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What Is A Lagoon?

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Mary Ann Cassidy Profile
A lagoon is a narrow channel or pond and is sometimes connected to a large body of water.
Louise Gorman Profile
Louise Gorman answered

A body of shallow salt water seperated from the deeper sea by a coral reef or an exposed sandbank.

A lagoon refers to both the lagoons in atolls, formed by the growth of coral reefs and coastal lagoons formed by the build-up of sandbanks.

Coastal lagoons, found on coasts, have small tidal ranges. They are separated from the sea by barrier islands, and generally extend parallel to the coastland.

Wave-action or longshore currents that pile up coarse sediments off shore of the beach form non-reef lagoon barriers. Finer sediments can settle in the water behind the barrier once the lagoon barrier has formed.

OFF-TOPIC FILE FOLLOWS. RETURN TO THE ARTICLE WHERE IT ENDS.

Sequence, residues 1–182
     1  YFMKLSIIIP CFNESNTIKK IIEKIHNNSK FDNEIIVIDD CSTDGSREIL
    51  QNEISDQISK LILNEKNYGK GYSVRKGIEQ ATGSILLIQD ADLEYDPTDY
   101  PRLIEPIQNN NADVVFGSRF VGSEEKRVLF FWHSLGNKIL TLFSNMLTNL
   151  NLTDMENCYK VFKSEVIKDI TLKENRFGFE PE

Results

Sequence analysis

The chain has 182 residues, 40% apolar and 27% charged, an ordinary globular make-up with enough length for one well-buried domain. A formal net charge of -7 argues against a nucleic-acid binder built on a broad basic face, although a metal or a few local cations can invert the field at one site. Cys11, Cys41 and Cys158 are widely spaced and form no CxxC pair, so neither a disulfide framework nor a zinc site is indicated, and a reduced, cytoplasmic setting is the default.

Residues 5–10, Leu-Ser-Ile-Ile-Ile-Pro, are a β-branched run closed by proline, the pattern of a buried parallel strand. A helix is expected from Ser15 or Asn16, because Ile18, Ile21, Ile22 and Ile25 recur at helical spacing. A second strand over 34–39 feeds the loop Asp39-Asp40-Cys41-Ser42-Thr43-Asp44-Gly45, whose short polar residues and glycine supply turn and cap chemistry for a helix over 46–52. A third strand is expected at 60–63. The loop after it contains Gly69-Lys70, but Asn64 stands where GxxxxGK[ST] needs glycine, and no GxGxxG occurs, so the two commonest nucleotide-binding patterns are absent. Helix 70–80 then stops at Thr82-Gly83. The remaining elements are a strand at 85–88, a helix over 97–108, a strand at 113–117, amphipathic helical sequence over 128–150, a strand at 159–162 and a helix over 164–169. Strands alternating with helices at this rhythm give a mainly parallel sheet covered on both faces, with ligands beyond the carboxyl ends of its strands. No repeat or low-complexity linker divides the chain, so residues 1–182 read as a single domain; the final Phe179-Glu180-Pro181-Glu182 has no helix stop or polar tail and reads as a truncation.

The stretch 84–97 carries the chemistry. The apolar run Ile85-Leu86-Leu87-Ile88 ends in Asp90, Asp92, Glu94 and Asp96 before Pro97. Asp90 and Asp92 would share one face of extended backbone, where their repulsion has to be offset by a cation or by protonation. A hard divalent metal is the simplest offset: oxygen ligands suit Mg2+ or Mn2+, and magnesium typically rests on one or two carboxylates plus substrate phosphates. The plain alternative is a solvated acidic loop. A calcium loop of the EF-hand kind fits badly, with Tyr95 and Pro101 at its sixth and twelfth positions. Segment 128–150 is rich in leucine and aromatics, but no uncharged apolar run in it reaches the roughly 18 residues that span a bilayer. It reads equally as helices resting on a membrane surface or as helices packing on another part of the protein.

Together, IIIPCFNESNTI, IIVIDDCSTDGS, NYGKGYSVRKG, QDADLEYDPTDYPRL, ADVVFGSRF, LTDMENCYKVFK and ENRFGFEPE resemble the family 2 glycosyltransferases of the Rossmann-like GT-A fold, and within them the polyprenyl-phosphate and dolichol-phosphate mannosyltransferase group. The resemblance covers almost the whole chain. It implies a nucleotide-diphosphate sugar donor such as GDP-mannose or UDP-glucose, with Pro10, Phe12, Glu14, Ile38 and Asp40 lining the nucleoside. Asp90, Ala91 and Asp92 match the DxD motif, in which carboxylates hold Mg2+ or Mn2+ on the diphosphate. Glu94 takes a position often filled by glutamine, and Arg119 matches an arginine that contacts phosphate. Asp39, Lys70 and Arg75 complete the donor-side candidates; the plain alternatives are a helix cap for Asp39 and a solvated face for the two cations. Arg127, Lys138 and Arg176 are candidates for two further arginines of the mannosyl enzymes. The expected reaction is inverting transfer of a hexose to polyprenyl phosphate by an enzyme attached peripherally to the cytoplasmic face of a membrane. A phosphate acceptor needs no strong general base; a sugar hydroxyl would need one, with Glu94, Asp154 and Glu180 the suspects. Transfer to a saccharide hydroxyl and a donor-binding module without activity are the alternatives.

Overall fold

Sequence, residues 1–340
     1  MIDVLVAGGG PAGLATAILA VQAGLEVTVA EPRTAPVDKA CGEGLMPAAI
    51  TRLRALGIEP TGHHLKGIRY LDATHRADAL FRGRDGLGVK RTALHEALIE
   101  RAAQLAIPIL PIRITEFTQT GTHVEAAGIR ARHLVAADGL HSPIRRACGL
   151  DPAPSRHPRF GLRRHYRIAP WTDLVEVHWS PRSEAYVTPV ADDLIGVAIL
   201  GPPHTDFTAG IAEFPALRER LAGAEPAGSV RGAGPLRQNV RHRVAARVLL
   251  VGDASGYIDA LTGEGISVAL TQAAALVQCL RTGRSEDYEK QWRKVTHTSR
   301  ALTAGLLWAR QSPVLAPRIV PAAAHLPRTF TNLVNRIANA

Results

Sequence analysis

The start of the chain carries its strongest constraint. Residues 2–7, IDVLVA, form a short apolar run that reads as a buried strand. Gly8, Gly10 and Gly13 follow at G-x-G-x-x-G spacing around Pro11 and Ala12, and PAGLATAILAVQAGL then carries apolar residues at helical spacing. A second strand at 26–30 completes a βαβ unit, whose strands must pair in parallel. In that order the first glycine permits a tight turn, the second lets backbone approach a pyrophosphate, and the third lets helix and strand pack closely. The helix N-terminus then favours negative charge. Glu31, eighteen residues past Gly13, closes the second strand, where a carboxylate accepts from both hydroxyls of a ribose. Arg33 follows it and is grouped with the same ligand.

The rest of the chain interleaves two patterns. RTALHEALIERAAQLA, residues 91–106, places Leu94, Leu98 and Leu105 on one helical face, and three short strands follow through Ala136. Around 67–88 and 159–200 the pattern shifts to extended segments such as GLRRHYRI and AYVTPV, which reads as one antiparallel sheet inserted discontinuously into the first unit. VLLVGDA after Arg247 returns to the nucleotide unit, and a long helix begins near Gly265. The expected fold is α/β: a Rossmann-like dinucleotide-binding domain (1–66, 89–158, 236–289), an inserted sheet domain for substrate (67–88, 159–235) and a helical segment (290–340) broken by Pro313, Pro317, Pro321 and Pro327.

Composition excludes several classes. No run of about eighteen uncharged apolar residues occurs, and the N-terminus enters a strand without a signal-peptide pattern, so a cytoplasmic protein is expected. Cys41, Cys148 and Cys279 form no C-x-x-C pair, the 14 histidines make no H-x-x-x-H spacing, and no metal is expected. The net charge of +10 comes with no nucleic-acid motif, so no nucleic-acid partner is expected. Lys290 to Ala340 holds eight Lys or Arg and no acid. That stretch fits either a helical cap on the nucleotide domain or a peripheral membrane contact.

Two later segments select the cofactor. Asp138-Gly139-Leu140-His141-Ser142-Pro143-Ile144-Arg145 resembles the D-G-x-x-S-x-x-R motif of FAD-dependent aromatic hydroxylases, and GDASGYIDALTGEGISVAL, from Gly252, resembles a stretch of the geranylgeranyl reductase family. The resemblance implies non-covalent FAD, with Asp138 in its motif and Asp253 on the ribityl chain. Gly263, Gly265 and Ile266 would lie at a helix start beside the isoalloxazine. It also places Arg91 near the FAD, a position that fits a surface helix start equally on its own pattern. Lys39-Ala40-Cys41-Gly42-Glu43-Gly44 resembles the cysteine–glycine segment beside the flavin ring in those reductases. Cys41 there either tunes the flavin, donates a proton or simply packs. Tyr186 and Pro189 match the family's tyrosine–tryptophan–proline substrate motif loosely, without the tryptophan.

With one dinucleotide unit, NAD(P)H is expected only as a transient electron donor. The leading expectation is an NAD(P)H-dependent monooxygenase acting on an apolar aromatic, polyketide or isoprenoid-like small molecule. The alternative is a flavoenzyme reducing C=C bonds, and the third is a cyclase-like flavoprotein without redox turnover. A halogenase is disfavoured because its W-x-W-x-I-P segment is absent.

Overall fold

Coastal lagoons have only constricted openings to the sea, resulting in different water conditions in the lagoon. The water conditions differ from the open water of the sea in temperature, salinity, dissolved oxygen and sediment load.

Coastel lagoons are known as bays, rivers, sounds or lakes in many English-speaking countries. Lagoons in the UK are located in Scotland (Montrose) and Wales (Tywyn). The expnse of water inside Chesil Beach in England could also be described as a lagoon.
Anonymous Profile
Anonymous answered
Its a shallow coastal body of water
Anonymous Profile
Anonymous answered
A lagoon is a body of water surrounded by an atoll.

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